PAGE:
Friday, 31 July 2015

Broadway Book Club discussion of We Are Not Ourselves, by Matthew Thomas

There was a variety of reactions to Matthew Thomas’ We Are Not Ourselves. Some people liked it, some mostly liked it but acknowledged its flaws, and we had two cases of intense dislike (though to be honest, both disliking members found parts that intrigued them or at least looked promising). We definitely had a lot to discuss!

One member said that even though she didn't like the book, she kept reading because she wanted Eileen, the main character to become a better person. Most people felt a mixture of sympathy, anger and confusion at Eileen, a character that seemed incapable of showing any emotion. We could understand her desire for social elevation, considering that she is a second generation immigrant and would have had notions of “bettering herself” raised into her from an early age. She craved bigger, more impressive houses, nicer cars, better furniture and more expensive clothes. We wondered Is this how people cope with isolation in the modern world? With unhappiness? Do we buy things to fill the gaps in our lives? We could see that even before her husband's illness, Eileen struggled to make connections to people and was quite lonely, despite spending hours on the phone talking to girlfriends that featured very little in person. None of us could understand though how, having felt so detached from her cold and unaffectionate mother, she could
end up with a similarly cold and affectionless relationship with her own son. Eileen’s stoicism and focus was admired, and the methodical way she went about making preparations for Ed’s future- putting financial plans into action and organising ahead. We could see that despite her coldness, she was devoted to her husband, the one person that she had connected with properly.

One member said that she liked the beginning and the end, but there was 500 pages in the middle that she just wasn't feeling. “Liking the bread but not the filling” as another member phrased it, which is a delicious way of looking at it. She also commented that when the narrative begins jumping from Eileen to Connell towards the end, this becomes jarring and doesn't work particularly well, which there was agreement on. After all, the whole book had been told in the third person from Eileen’s perspective, and then to suddenly have to cope with Eileen becoming “Connell’s mother” in the narrative, rather than her own character was quite alienating.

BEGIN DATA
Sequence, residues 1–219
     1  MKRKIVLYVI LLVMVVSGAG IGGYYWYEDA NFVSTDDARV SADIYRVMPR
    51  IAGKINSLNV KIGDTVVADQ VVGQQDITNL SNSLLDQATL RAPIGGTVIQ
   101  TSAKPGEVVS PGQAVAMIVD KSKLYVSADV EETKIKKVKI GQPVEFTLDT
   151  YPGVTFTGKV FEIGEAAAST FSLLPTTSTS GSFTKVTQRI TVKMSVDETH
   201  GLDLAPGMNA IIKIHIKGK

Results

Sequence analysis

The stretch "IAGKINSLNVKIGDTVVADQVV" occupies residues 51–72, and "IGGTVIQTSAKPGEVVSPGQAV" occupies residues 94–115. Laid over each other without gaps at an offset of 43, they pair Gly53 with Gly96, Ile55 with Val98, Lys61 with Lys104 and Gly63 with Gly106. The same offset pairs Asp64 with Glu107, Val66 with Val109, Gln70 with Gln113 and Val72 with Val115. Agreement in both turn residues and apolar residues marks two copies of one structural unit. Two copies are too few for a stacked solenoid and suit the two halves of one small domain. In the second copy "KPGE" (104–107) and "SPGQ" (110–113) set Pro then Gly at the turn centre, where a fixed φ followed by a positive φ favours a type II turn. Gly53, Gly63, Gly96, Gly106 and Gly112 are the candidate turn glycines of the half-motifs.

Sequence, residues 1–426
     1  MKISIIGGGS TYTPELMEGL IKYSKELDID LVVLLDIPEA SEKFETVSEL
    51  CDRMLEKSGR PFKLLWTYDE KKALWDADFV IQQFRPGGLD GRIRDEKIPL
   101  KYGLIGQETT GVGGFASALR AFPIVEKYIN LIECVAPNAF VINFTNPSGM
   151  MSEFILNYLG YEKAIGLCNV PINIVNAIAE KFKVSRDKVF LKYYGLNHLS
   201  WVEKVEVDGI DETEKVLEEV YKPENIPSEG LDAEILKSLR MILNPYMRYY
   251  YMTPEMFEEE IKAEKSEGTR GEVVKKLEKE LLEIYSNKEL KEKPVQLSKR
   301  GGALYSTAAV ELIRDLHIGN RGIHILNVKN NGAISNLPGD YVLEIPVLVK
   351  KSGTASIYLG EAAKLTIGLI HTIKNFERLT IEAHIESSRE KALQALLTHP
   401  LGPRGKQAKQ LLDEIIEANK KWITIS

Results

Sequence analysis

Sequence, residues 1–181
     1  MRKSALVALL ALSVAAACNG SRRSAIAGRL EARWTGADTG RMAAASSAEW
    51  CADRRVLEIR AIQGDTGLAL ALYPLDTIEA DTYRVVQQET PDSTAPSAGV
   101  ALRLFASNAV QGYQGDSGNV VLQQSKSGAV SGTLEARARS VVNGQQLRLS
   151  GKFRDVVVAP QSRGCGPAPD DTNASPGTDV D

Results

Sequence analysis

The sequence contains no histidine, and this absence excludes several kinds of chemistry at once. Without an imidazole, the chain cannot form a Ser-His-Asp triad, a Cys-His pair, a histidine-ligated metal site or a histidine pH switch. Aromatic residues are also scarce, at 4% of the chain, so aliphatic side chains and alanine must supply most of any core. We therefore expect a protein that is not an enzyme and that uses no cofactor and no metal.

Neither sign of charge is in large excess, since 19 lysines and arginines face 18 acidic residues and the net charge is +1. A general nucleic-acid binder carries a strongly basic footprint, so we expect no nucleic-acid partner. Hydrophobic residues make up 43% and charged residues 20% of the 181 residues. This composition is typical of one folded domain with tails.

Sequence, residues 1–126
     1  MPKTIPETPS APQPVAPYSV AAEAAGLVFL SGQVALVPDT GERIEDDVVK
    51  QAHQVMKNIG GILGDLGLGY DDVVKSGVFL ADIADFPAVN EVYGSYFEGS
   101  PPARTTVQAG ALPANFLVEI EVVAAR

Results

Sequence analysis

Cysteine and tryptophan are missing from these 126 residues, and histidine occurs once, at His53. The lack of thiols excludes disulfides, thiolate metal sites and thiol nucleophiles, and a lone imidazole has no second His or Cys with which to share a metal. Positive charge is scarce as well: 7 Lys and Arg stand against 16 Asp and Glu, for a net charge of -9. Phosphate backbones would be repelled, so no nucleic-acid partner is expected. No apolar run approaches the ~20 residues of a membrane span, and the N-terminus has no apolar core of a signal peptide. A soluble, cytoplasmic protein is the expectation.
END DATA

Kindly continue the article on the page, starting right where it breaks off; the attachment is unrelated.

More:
We thought that there some very emotional episodes in the book, particularly during the later stages of Ed’s illness, before he goes into the care home. We all agreed that the dementia was sensitively portrayed and obviously very well researched, and that rather than being the main element of the plot, it was the catalyst for it, which is in contrast to many other books with characters suffering from such debilitating illnesses. We agreed too that it was incredibly sad that everything Eileen had ever worked and saved for, the life and possessions that she had craved for so long was all for nothing and that with hindsight, she would have done everything differently. To write off a whole life like that is sobering.

We discussed the book’s attitudes to race quite extensively and talked at length about the pretty clumsy racial stereotyping that made some readers quite uncomfortable- the “Hispanic” youths that Eileen encounters in the street, the 'moment of redemption' Indian meal that she shares with her old house’s new owners, Angelo’s family upstairs and Bethany the cult member, who we keep being reminded over and over again is a black woman, complete with bangles and braids. One member commented that she could see that Eileen had some issues with racism despite being an émigré herself, but much of the problematic descriptions came from the third person narrator, and that’s when it becomes difficult to work out if these prejudices belong to the character (which is work-around-able) or whether they belong to the book. Which is a bit more problematic.

The book's notes say that it took the author around 10 years to complete the book and we felt that that showed in the patchy quality of the narrative and the ways that the narrative styles change. Then there was all the baseball stats that nobody could make any sense of. Overall, we thought the book was *okay*, that it portrayed Altimeter's sensitively and accurately and caused emotional reactions from the reader.  However there were parts that were very shaky, both structurally, character wise and in terms of the narrator/character point of view. It was commented that "I'm glad I read it, but I don't think I'd recommend it" which a lot of members agreed with. We all said it hadn't occupied our thoughts much since putting the book down.

And the books upcoming in the next few months...

We have chosen the next three books that we'll be reading. Seeing as the Man Booker longlist 2015 came out yesterday, we thought that for August, we'd read last year's winner, The Narrow Road to the Deep North, by Richard Flanagan. According to wikipedia is the story of an Australian doctor (now considered a war hero in contrast to his own feeling of guilt) who is haunted by a wartime love affair with his uncle's wife. Post war,

To honour Margaret Atwood's visit to Nottingham on September 26th, we've gone for one of her novels for that month's book, which is Cat's Eye, a booker nominee in 1989. This also breaks up two war October's pick is Half Blood Blues, which was incidentally on the Booker 2011 shortlist. It wasn't meant to be this booker-y, but that's the way it's gone!

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